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By Alejandra O’Connell-Domenech

The Jackson Heights and Elmhurst residents fighting against the construction of a Target at 40-31 82nd St. will have their day in court.

State Sen. Jessica Ramos, along with community residents and members of the anti-gentrification group Queens Neighborhood United (QNU), will bring their case against the large chain store to the New York Supreme Court Jan. 10.

Residents argue that developers Sun-Equity Partners and Heskel Group violated local zoning regulations that only allow small-local businesses to be established in the area. They also claim that construction impedes access to Elmhurst Hospital and that Target will displace low- to middle-income residents.

“Those stores aren’t for us,” said Josselyn Atahualpa, a member of QNU about big-box stores.

Atahualpa was one the multiple members of QNU that gathered at Duningham Triangle Jan. 6 to hold what they called a “People’s Court” against Target and its developers. Community members and allies in opposition to the Target’s construction were given a few minutes with a megaphone to state why they believe Target would hurt the neighborhood.

Most of the speakers said the national chain store would likely displace local immigrant-run small businesses that provide many jobs for the neighborhood while also preventing new small businesses from opening up at the site or nearby.

According to press release from QNU, Target’s lease “excludes other businesses from opening in the same building, including supermarkets/groceries, laundromats, pharmacies, second-hand, beauty, cosmetics and convenience stores.”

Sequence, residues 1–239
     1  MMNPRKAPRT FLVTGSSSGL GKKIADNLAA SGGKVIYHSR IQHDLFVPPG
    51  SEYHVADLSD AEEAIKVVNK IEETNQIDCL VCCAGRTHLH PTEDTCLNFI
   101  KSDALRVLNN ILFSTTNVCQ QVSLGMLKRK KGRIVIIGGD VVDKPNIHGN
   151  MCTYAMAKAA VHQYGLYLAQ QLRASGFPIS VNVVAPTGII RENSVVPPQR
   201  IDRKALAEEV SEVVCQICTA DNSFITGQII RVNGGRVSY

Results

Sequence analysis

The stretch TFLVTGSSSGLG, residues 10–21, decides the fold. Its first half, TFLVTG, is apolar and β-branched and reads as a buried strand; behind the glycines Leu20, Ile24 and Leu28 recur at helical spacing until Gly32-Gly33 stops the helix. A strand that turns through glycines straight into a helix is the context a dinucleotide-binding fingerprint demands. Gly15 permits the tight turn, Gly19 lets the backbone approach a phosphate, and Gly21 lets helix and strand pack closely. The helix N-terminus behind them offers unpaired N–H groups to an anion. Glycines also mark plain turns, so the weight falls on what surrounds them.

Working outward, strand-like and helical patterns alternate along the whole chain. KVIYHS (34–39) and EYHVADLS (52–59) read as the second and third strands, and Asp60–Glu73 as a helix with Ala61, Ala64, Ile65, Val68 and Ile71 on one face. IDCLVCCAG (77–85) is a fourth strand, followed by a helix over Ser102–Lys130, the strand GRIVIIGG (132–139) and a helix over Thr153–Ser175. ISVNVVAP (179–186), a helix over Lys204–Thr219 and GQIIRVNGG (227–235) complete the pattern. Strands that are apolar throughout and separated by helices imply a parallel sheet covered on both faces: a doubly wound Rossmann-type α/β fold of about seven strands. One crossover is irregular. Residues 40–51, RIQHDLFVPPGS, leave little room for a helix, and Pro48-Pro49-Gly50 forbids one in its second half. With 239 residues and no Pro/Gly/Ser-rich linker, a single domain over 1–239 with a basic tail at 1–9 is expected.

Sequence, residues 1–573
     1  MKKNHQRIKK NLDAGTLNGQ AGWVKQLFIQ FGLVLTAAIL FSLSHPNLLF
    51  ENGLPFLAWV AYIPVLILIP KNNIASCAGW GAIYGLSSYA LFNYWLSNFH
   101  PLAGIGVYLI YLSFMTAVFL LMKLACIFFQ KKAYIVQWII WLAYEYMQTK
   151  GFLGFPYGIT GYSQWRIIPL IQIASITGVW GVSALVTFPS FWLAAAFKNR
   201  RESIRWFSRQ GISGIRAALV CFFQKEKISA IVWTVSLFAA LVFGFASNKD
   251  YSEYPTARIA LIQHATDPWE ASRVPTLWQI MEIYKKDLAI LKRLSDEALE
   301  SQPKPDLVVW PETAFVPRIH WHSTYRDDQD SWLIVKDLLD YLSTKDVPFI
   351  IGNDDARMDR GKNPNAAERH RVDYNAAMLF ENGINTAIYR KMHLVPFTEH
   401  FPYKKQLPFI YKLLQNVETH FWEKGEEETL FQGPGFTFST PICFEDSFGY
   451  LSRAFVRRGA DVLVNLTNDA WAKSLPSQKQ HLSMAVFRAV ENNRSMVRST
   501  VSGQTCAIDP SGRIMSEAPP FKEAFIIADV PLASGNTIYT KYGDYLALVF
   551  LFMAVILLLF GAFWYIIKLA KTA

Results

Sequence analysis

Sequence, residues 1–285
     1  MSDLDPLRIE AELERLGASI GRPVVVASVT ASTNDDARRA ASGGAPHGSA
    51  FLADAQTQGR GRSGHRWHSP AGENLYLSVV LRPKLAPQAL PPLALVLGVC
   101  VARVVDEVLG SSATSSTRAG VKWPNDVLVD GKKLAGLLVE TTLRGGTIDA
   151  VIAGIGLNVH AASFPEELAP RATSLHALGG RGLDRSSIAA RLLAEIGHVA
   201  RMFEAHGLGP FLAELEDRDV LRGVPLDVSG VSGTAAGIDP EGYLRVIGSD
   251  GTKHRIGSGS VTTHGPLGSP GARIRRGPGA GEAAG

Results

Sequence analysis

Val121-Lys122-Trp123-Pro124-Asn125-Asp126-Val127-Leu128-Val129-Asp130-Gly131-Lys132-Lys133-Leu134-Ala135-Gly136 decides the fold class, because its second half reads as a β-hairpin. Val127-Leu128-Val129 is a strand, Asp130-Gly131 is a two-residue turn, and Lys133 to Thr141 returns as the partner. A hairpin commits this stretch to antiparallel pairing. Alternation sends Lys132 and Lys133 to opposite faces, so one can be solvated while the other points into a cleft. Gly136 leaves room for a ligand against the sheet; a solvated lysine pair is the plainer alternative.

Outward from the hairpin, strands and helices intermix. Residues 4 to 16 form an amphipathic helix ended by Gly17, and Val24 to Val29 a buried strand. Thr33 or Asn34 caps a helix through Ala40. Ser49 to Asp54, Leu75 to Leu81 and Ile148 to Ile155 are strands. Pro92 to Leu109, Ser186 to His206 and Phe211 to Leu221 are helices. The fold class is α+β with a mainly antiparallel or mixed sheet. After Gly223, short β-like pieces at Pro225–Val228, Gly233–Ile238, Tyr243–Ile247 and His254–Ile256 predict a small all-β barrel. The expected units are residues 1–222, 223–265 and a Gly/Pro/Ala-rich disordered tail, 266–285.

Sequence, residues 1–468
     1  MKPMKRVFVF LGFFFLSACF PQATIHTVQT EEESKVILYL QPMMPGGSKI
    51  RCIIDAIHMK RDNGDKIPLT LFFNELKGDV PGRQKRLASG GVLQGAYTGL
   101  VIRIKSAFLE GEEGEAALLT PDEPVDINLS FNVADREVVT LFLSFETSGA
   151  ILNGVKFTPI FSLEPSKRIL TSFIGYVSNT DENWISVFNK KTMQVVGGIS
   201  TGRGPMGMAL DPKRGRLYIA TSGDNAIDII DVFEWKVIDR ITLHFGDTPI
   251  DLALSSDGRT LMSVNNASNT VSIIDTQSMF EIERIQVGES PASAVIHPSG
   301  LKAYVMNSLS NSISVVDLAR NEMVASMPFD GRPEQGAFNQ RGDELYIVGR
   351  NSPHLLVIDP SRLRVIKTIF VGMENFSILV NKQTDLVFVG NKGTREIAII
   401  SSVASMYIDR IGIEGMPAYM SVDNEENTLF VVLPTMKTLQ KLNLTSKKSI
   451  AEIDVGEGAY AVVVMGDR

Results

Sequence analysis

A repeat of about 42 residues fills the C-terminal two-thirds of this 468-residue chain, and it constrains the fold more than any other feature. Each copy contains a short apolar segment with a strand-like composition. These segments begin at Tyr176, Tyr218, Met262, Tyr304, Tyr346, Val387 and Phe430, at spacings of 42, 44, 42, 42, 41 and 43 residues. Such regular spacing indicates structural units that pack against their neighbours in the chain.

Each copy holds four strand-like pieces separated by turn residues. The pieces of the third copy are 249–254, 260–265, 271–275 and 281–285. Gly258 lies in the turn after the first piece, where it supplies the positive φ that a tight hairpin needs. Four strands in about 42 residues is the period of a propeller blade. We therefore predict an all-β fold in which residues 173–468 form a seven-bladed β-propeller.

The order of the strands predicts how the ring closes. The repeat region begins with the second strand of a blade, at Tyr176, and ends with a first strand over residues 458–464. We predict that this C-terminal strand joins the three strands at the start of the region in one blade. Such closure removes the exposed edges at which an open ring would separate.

Atahualpa introduced more than a dozen speakers as fellow QNU member Tania Mattos — playing the role of judge by donning a wig and robe — listened. No one present argued in favor of Target or the development in general.

After all had their say, Mattos reached a verdict: Target and the developers were “guilty of gentrification” and therefore needed to go.

Since 2017, protesters have been fighting against the expected Target. In September of 2018, a stop-work order was issued by the Department of Buildings (DOB) stating that the Target does not adhere to zoning codes. This came about a month after Target decided that the new store would be two stories. Originally it was meant to be 13 stories high. But the stop-work order was eventually lifted.

Presently, nearby residents say that they’re feeling the immediate impact of construction, as crews work to deepen the large hole on 82nd Street.

“I [recently] woke up with extreme anxiety from the noise and [the] floor shaking,” said neighboring resident Piya Patwwary.

Several community members present complained of their inability to rest because of construction. Elia Rubi, who lives across the street from the Target site on Baxter Avenue, said that traffic has already become horrible.

Now protestors feel that they need to take their fight is even more urgent than ever.

“The developers know that the more they build, the more likely the judge will rule in their favor because they can make the case that they’ve already invested a lot of money in the project,” said Paula Segal, Community Development Project attorney for the organization.

TimesLedger reached out to Sun Equity Partners and Heskel Group for comment, but the firms declined when phoned Jan. 9.

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